P.E.I. sole holdout on cancer drug
Prince Edward Islanders are the only Canadians that must pay for cancer drug Avastin on their own, and the Colorectal Cancer Association of Canada says that is unfair.
Earlier this week New Brunswick added the drug to the list of medications it covers, leaving P.E.I. the only province not paying for the drug. Barry Stein, president of the Colorectal Cancer Association of Canada, is now urging P.E.I. to cover the cost of Avastin as well.
The drug is expensive, about $40,000 a year for each patient. But Stein told CBC News on Wednesday it is effective in the treatment of colorectal cancer. In combination with chemotherapy it can sometimes shrink tumours so they can be removed.
"It's not a huge amount of money when we're talking about increasing survival, particularly when we're talking about treatments that are available everywhere else in the country," he said.
Health Minister Doug Currie estimates adding Avastin to its formulary would cost the province about $600,000 a year. He said the province is hoping to find some efficiencies in its drug system so it can add more medications.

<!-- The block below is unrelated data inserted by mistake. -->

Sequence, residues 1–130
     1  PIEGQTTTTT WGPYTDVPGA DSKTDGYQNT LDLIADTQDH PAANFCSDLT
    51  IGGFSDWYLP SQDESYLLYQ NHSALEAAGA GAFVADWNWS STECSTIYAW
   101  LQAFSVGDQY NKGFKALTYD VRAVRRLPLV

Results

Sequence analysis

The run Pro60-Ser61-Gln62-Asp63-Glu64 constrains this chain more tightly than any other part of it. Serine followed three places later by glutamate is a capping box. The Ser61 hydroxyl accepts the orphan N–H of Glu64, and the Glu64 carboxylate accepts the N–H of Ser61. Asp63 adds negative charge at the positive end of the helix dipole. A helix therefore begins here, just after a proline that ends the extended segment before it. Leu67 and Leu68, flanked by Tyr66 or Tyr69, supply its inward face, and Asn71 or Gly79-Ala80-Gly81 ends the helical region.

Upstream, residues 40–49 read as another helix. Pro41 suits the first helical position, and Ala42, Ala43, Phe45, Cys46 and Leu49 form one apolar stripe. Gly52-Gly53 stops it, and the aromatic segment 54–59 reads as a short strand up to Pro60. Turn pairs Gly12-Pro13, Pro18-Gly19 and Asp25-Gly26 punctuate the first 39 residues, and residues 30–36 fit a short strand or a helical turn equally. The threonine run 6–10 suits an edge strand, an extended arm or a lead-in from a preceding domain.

"We are making inroads and we're going to continue to work at providing equitable, fair access to drug care for all Islanders. But the reality of it is, it's going to take a little bit of time," said Currie.
"As we move forward to adding more drugs to the formulary, Avastin certainly has the potential to be added."
While it makes efforts to find the money to make additions, the province has been pushing for a federal catastrophic drug plan. Stein said people with colorectal cancer can't wait.
"We all know that the catastrophic drug plan is something that's been discussed for a long time in Ottawa but is not on any fast track," he said.
"It's unfair to those colorectal cancer patients in P.E.I. who are not accessing the standard of care, to be sloughed off for a potential solution at a later date."
Patients in New Brunswick will be eligible for Avastin coverage starting Dec. 1.